Charles University recently released a preview of a new user interface for their Student information system (SIS). The whole system was developed in the 90's or early 2000's and it is natural that after some time the application needs a refresh of some kind. The newly released preview of the SIS4 introduces a new user interface which should bring modern elements to the application. I was unpleasantly surprised when I first saw the interface. For now, I will skip the fact that it looks like a blog and not like a mature system where students register for lectures, check exam results and teachers should administrate their courses. Before I decided to write this critique I proposed some changes to the user interface, but they were rejected with the justification that it would slow down the development and transition to the new system. To be completely honest I have to note that some of the issues I describe in this article were discovered after I sent in my proposed changes.
Someone forgot that not all people use a mouse
The first major issue I noticed is the absence of a keyboard only navigation support. I understand that these users are often overlooked by small developers and to be completely honest, when I noticed this problem I found some issues with my own website as well. However, in case of a system like the Charles University's SIS which is used by more than tens of thousands students with different needs, this is a major issue. Not every user on the web has the ability to use a mouse, some prefer a keyboard as it can make navigation faster, some simply don't have another option. How bad is the problem with SIS' UI? Almost every button misses a styled :focus state, but moreover the default :focus state is often removed so there is no visual signalisation where the user is. Many custom made elements like these checkboxes are excluded from the keyboard navigation completely.
You can't check/uncheck these checkboxes on a keyboard
It is not designed for people with visual impairments
The second major issue is the fact that the website was not designed with visually impaired users in mind. For example, when I switch on the simulation of the most common visual impairments I am unable to tell whether the following toggle button is in an on or off state. The title of the column in the table header is not very helpful either as the described states are reversed. Thankfully there are not many places where the website relies on colours to describe a state. But if it is used, it is done incorrectly. The issues don't concern only colours: the font-size varies dramatically and in some cases the text is too small.
I guess it is clear that these toggles are on
Is the state of the toggle still clear? The screenshot was taken with a Deuteranopia filter on.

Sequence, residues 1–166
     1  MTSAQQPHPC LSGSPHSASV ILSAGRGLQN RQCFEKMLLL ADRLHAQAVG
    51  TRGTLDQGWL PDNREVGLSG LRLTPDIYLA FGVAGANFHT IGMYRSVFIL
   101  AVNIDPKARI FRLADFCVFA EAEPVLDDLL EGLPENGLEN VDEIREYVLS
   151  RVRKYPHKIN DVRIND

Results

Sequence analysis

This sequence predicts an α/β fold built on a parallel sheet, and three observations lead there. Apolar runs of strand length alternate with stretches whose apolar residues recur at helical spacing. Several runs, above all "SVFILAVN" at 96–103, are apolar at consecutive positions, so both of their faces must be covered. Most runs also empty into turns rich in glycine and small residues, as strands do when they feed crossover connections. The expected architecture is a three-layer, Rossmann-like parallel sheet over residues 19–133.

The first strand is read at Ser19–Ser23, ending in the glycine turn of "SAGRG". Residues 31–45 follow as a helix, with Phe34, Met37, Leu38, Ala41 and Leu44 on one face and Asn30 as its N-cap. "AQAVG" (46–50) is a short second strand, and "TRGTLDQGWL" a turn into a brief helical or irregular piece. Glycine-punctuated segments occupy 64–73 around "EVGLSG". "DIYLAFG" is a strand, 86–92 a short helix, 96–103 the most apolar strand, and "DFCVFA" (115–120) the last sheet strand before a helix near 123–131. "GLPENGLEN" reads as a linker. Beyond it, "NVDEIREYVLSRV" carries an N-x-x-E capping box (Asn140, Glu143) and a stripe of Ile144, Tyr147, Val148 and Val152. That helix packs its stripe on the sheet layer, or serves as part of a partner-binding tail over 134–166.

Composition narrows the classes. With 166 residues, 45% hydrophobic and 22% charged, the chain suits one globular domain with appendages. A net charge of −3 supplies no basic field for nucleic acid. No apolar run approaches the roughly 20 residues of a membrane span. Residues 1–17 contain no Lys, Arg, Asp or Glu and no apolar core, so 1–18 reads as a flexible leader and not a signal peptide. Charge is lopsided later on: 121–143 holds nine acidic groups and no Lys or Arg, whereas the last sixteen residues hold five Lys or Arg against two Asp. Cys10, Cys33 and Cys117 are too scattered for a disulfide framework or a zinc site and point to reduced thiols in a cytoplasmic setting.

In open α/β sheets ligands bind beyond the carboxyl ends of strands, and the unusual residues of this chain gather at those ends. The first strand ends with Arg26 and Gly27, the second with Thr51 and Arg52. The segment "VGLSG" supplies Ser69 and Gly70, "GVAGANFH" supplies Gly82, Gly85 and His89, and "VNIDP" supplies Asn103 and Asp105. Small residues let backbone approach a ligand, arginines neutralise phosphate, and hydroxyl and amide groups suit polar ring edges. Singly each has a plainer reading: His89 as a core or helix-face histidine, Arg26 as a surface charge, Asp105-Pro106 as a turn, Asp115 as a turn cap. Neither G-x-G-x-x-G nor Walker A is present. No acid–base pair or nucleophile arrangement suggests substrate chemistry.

Why so empty and bordered?
The design is spacious, but chaotic. If you follow at least one designer on any social network, you'll definitely find some posts saying that negative space is super-important and I could not agree more. However, it must be clear which parts of the content are related and which aren't. In case of the user-interface of SIS the negative space breaks the feeling of consistency and introduces confusion. On some pages like the Study plan below, the title is too far away from the content and thus the negative space supports feeling that there is something missing. The tables use a small font with paddings that are too large so the cohesion feels broken in some way, not to mention the title of the table that is again too far.
Did you notice the cut off border?
Another thing I am not a fan of are the borders, when you open certain pages there are alternating grey and white sections without any visual reason. An extreme example is the page on the screenshot where the two grey sections are divided with an empty white one. The white section introduces a feeling that something is broken on the page. This feeling is further strengthened when you open the item in the table and see a large grey wrapper which is not padded evenly around the white table.
This is how the full page looks like
These were definitely not all the issues I see with the redesign of the user-interface of Charles University's SIS. However, I do not have any reason to dig deeper as for now the aforementioned issues would make any design unusable. However, I might write another article with some design proposals with an explanation of common design problems. In case this article is read by some of the developers who worked (or are still working) on this app I will be more than happy to help you fix these issues or give you more information about how to solve them.
Do not ignore accessibility on your websites. 🙂 It is easy to implement and you'll improve the browsing experience for many visitors of your website. In case you do not know where to start, check these resources: access guide Instagram and accessibility tricks and resources for designers at Stark's website.